It’s in part Kennedy’s work in the gay rights area that has contributed to the present circuit court split on whether Title VII of the 1964 Civil Rights Act protects against sexual orientation discrimination, Mollica said.

A previous Bloomberg Law analysis showed Kennedy being more even-handed in employment discrimination cases than some of his fellow justices. He fell between pro-employer Justices Clarence Thomas and the late Antonin Scalia, and pro-worker Justices Sonia Sotomayor and Ruth Bader Ginsburg.

His protection of individual liberties, as demonstrated by his votes on gay rights and abortion rights issues, gave some observers hope that his views on discrimination against the LGBTQ community in the workplace “would be equally progressive,” Michael Foreman, director of the Civil Rights Appellate Clinic at Penn State Law, said.

“His retirement obviously will directly impact those issues,” Foreman told Bloomberg Law.

His likely replacement by a justice appointed by President Donald Trump and confirmed by a GOP-controlled Senate “does not bode well for those in favor of a more expansive reading of Title VII,” Vann said.

Look Ahead: More Arbitration Showdowns

Prior to Kennedy’s retirement announcement, the high court agreed to review four cases related to labor and employment in the upcoming 2018-2019 term. Two involve arbitration issues, while the other two implicate federal age bias and railroad tax laws. The cases pose the following questions:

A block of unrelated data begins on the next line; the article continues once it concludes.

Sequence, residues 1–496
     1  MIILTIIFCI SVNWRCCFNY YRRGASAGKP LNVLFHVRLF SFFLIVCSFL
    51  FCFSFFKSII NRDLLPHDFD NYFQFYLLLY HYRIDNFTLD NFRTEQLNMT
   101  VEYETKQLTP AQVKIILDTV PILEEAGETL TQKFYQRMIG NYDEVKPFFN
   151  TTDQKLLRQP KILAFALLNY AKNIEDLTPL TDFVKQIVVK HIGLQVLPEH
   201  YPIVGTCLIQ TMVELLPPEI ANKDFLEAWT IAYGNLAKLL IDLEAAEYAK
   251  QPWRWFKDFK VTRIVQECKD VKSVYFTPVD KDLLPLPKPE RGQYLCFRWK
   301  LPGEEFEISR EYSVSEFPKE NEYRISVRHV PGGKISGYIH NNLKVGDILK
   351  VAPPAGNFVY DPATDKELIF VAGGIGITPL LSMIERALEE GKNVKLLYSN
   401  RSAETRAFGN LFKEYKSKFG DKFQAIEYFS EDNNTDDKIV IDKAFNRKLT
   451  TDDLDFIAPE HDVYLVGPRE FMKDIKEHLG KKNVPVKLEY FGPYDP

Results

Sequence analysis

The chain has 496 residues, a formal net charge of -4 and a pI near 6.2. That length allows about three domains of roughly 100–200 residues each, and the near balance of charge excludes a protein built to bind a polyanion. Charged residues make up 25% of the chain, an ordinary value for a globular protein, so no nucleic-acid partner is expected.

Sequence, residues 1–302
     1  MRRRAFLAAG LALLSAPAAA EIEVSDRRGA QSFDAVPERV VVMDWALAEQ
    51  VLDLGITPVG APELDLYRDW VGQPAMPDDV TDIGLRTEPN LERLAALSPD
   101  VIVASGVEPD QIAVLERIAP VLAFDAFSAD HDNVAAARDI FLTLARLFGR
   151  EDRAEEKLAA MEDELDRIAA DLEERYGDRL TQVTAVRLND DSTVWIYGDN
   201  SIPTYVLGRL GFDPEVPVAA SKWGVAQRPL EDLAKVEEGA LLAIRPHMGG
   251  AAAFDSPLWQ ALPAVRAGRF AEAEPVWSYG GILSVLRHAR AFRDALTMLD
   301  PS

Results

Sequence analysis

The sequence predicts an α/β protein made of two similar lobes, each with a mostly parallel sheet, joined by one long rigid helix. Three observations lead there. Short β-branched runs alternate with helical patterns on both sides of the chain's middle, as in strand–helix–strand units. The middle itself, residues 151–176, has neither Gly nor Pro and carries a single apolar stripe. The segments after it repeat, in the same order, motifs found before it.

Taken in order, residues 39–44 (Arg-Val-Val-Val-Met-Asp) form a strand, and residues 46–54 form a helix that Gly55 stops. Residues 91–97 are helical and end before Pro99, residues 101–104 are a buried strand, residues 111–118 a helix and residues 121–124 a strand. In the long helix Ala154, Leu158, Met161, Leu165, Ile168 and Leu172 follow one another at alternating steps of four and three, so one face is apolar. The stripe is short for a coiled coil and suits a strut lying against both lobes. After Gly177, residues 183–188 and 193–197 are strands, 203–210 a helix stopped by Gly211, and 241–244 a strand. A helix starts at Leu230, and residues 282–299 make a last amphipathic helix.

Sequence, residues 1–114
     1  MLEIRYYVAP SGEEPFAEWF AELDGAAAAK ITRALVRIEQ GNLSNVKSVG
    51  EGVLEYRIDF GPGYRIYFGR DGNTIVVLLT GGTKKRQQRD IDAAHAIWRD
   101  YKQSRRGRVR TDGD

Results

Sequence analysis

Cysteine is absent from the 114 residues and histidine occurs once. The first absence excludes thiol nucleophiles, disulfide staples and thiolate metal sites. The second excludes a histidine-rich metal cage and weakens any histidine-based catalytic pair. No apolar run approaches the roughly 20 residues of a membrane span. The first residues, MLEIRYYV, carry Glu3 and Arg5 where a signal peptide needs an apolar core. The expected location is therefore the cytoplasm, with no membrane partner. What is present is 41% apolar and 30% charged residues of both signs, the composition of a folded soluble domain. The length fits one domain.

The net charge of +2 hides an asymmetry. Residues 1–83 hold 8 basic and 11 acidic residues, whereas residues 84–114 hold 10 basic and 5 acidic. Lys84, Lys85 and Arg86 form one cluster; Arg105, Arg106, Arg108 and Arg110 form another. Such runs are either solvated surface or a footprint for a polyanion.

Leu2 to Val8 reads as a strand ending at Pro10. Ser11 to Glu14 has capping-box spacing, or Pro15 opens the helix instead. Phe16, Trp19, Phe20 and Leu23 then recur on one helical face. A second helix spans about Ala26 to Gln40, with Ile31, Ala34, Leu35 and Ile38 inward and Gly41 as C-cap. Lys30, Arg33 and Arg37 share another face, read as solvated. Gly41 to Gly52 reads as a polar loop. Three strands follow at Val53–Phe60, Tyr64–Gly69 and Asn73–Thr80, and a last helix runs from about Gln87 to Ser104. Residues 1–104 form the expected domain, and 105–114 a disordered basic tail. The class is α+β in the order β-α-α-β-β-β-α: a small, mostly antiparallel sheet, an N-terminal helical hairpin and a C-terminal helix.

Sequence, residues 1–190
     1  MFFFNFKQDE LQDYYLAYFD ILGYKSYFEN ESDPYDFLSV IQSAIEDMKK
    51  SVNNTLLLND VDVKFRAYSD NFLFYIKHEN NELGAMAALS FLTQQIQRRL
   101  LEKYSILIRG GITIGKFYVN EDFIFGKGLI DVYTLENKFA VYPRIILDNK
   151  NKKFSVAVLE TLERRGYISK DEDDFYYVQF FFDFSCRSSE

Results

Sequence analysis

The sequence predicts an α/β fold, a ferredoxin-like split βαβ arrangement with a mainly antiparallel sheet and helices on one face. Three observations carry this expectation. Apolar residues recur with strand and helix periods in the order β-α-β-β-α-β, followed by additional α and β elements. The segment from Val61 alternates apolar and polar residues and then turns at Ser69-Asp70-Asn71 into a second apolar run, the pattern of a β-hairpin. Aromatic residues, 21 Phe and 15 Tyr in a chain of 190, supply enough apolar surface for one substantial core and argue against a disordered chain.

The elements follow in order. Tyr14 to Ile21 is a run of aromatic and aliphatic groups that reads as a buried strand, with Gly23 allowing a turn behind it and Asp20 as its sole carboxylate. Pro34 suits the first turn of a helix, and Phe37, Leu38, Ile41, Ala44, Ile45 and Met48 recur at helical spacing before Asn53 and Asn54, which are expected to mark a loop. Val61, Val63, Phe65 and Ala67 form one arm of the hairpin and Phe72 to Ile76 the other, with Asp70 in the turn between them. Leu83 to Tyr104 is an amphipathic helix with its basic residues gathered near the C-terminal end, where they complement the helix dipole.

• Whether an employment contract that’s silent on the issue of class arbitration can be construed in favor of workers seeking class proceedings (Lamps Plus Inc. v. Varela)
  • Whether interstate truck drivers must arbitrate their federal wage-and-hour claims and whether it’s the job of a court or an arbitrator to decide if a Federal Arbitration Act exemption for transportation workers applies to drivers’ employment contracts (New Prime Inc. v. Oliveira)
  • Whether state political subdivisions with less than 20 employees, such as a fire district, must adhere to discrimination protections under the Age Discrimination in Employment Act (Mt. Lemmon Fire District v. Guido)